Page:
While alive with other life forms, our lives in the jungle were pretty sleepy. The insects were humming, owls were hooting, and the rest of our group was alive and well, enjoying the night, even the 60-ish Dutch couple. Meanwhile, by 9:30, we were fast asleep. Being in such close proximity with the seven other people comprising our group highlighted our different sleeping schedules, making us a little self-conscious as we turned our flames out right after dinner as theirs were just getting started. Our minimum nine-hour sleeping schedule hasn’t just made us uncomfortable in the Amazon; it’s been a re-occurring “problem” throughout the trip. When else has this problem manifested itself???

For two examples, we need go no further than tonight and last night! Last night when our couchsurfing host kindly invited us to go dancing our first question was when will he go out. Upon hearing the 9:30 departure time we declined. We were sleeping before he left. Finally, we are presently struggling, as we wait for our night bus to leave at 11pm! The only way to stay awake, I guess, is to write a blog…

Friday, March 5, 2010

A good meal lost in the Moore's basement

Before, when I, Joe, thought of guinea pigs I could only think of the pet guinea pig (or hamster—who knows the difference between those terrible pets anyway?) my sister had when we were growing up. A little while, probably just a few days, into its existence at our house, it went missing. Months later we found it. Underneath our old, scraggly basement couch we found a familiar looking and familiar smelling dead pet guinea pig. After our last few weeks here in Ecuador none of us will think of guinea pigs, or cuyes as Spanish-speakers call them, in the same way.

This monumental transformation of our perceptions of this small, measly rodent started because my family had a foreign exchange student. She was Ecuadorian and came to stay with us during my first year away at college. I didn’t get to know her too well, but a few stories surfaced from her time in the States and made their way to me. One of the most entertaining stories of Eleana, details her going to a friend’s house for dinner and offering to cook up the family’s pet for dinner. You see, in Ecuador and Peru (and apparently other southern South America countries too) guinea pigs don’t have assume a throne of a plastic cage w/ a spinning wheel. They instead sit atop one’s royal dinner (or likely lunch) plate, ready to be consumed, paws and all.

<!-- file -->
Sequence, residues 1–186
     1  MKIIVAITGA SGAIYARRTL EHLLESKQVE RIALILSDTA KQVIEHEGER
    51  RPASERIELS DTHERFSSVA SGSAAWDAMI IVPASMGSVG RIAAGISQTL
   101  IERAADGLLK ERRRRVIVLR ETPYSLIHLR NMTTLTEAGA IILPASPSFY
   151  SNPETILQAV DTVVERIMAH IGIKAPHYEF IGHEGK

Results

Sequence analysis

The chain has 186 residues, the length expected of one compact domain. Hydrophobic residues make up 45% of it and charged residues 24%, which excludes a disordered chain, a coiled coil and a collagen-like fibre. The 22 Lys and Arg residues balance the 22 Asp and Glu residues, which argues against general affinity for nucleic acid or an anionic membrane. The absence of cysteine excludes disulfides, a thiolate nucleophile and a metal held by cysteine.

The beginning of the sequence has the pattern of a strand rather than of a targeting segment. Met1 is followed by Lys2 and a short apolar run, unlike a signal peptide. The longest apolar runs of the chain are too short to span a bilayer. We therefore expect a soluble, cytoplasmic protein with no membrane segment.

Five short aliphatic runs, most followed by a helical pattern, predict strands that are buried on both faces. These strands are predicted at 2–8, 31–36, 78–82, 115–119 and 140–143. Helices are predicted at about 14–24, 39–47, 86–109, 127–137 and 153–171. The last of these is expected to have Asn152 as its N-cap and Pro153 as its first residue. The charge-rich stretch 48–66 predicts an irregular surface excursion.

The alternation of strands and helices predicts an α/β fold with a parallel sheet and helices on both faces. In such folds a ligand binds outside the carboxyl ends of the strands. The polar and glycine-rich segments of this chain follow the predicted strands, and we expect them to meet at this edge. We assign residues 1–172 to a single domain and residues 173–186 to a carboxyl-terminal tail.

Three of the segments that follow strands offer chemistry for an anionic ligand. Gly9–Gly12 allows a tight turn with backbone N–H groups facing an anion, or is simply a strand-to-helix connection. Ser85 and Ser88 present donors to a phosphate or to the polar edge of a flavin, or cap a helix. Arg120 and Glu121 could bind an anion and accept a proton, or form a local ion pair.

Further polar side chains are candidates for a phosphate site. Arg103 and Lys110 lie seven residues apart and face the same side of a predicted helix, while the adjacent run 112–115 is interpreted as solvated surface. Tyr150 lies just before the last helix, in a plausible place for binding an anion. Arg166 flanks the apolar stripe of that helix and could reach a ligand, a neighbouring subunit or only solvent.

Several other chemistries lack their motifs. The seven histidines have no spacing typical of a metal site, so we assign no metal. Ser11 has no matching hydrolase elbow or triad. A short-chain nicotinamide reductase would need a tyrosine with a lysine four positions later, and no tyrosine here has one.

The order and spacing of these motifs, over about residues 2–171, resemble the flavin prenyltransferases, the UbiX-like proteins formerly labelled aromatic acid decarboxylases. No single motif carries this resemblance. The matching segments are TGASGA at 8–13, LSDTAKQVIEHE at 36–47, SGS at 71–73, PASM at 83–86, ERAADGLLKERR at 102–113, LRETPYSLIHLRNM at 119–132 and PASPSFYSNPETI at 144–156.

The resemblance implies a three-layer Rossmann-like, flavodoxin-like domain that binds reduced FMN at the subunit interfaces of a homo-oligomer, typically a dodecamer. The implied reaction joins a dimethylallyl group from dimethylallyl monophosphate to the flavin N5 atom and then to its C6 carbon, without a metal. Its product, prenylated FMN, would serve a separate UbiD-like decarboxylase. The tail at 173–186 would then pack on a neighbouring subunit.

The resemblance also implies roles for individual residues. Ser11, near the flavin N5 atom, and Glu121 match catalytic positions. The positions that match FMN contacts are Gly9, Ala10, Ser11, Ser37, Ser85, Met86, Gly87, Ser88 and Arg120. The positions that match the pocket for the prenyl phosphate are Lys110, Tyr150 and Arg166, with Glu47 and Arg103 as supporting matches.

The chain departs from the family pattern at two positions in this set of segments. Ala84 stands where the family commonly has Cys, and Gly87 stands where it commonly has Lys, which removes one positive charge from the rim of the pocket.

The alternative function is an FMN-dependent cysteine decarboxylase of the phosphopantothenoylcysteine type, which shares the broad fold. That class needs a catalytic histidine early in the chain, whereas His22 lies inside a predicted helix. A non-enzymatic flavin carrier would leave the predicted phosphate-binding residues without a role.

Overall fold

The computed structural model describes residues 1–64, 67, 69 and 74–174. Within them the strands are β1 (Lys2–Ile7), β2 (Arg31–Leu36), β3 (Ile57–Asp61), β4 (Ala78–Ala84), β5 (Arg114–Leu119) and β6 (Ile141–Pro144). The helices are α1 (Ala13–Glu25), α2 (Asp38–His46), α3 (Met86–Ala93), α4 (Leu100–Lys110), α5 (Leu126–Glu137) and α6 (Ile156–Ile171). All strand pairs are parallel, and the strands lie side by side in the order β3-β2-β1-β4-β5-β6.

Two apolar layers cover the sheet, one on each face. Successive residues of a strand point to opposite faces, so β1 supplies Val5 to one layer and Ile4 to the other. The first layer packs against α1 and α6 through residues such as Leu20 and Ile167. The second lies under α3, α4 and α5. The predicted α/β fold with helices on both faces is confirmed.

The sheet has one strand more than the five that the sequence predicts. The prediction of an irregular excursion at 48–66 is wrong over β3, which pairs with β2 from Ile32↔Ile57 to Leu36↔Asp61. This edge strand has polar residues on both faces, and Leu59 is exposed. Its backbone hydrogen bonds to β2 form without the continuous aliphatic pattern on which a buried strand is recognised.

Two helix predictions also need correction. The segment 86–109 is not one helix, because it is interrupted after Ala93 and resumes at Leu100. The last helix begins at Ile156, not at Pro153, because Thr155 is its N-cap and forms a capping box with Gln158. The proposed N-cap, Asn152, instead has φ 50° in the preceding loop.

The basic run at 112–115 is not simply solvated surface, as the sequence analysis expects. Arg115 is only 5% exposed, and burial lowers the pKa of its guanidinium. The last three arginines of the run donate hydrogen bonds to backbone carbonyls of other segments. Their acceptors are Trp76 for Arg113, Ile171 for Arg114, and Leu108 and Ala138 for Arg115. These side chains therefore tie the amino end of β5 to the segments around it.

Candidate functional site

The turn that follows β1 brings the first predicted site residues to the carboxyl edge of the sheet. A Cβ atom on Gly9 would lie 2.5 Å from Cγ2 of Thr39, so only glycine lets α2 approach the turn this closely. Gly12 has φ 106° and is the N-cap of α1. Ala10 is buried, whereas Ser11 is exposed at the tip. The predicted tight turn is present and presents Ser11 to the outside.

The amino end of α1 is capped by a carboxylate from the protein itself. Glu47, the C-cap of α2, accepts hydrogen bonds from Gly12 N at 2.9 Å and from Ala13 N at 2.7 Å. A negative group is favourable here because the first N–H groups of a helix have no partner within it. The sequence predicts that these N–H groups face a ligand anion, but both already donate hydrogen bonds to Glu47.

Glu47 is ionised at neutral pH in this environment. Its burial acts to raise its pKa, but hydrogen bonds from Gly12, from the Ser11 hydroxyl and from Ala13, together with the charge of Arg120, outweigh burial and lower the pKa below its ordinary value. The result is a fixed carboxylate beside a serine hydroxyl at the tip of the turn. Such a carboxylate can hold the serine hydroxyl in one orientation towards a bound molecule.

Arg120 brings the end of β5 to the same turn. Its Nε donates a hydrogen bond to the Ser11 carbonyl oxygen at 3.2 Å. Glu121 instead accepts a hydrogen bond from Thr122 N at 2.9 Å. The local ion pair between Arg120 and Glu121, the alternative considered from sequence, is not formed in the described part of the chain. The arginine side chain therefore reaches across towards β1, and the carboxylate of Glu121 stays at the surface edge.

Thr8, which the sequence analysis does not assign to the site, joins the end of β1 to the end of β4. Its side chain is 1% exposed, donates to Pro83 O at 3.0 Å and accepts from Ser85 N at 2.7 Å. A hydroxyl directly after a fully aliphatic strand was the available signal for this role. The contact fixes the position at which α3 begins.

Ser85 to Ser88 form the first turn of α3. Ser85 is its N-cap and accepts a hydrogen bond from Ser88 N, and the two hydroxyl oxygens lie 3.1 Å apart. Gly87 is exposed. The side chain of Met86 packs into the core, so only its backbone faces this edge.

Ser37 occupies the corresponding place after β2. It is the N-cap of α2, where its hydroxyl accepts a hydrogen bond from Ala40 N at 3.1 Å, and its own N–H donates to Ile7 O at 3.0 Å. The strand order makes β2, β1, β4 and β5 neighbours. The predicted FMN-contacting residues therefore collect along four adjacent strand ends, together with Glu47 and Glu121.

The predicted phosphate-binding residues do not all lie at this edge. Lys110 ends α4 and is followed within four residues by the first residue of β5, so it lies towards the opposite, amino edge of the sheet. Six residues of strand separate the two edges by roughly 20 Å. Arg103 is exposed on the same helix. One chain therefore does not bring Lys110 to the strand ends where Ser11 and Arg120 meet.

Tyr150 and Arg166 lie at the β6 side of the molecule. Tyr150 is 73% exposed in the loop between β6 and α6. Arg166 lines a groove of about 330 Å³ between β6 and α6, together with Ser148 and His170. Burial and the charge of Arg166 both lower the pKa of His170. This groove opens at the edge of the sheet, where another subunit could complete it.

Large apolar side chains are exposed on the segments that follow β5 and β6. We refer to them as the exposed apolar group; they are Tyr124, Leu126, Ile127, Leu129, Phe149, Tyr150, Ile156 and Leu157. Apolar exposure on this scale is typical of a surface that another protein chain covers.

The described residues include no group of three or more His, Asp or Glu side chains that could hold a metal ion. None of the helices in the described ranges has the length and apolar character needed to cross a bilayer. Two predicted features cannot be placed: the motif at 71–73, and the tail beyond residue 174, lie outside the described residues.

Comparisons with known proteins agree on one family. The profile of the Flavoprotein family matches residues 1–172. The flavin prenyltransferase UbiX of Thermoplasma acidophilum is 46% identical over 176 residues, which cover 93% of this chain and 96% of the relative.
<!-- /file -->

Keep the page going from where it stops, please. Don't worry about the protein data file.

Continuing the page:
Eating guinea pig, or cuy, dates back further than modern-day Ecuadorian and Peruvian omnivores. Supposedly, according to Juleen, the Incans were enthralled with eating cuy, placing some spiritual significance in consuming the rodent. For more on this part of the story, let’s go to the source herself. Here’s Juleen.

Well, being the Incan expert that I am, I googled it. Here is what I found, “The cuy has a place in pre-Colombian Inca tradition. Consumed only by the nobility or used as a sacrifice and a means of foretelling the future via the entrails.”

So, in pursuit of Incan bliss, we followed not the trails to the ancient civilization’s sites, but the faint sounds of cuy that give the guinea pig their Spanish name. Our first encounter with the royal rodent occurred at an animal market in Otavalo, Ecuador, a few hours north of Quito. Among other animals, the predominantly indigenous capitalists maintained a thriving cuy trade. Sellers had baskets full of fluffy-haired guinea pigs. Buyers went around grabbing the necks of the cuy, testing the meatiness of the animals, throwing them into a rice sack if they met the mark.

Okay, we can handle the cuy exchange. That’s not too hard on the eyes, nor the stomach. But could we handle cuyes cooking as they rotate above a charcoal grill? Unlike the familiar rotisserie poultry, the cuy comes with head, paws, and, well, everything attached. No polite de-animalization of your lunch here. Still we survived.

The logical next step of our cuy-based Incan investigation is the climax—eating the darn thing. Why else would we have stopped at the road-side rotisserie cuy vendor? Eleana’s father was anxious for us to try the cuy, of all Ecuadorian meals his favorite. And so we stopped the car, bought a whole cuy (very crisp, please, he asked) to go for $15. Wrapped in a plastic bag that hid the sight but not the rich smell, we headed towards Eleana’s hometown in Riobamba, three hours south of Quito.

Finally, that evening the time had come to eat like kings, or, more appropriately, Incas (meaning kings in the indigenous Quechua tongue). Juleen wasted no time in putting her portion of the cuy to waste, eating the rodent like the pig she is. Joe, as he is inclined to, politely and nimbly picked the small pieces of meat off of the small bones. Denise, Joe’s mom, even took part in the cuy-tasting fiesta, eating a few bites. The climax within the climax of this story? Juleen boldly and indiscriminatingly chomping the cuy’s hind-leg paw. She reports that it was a delight, particularly the discernible crunch of the fingernail. Joe reports that he has assumed a spot atop a throne, albeit figurative…and imaginary.

Now, all familiar with the Moores’ sad pet guinea pig tale, we can’t help but think differently about guinea pigs. Never again will we let such a useless pet go to waste. And, having done the important part and eaten like an Inca, we plan to continue our Inca quest right after our Amazonian adventure that starts with a 11pm bus ride tonight!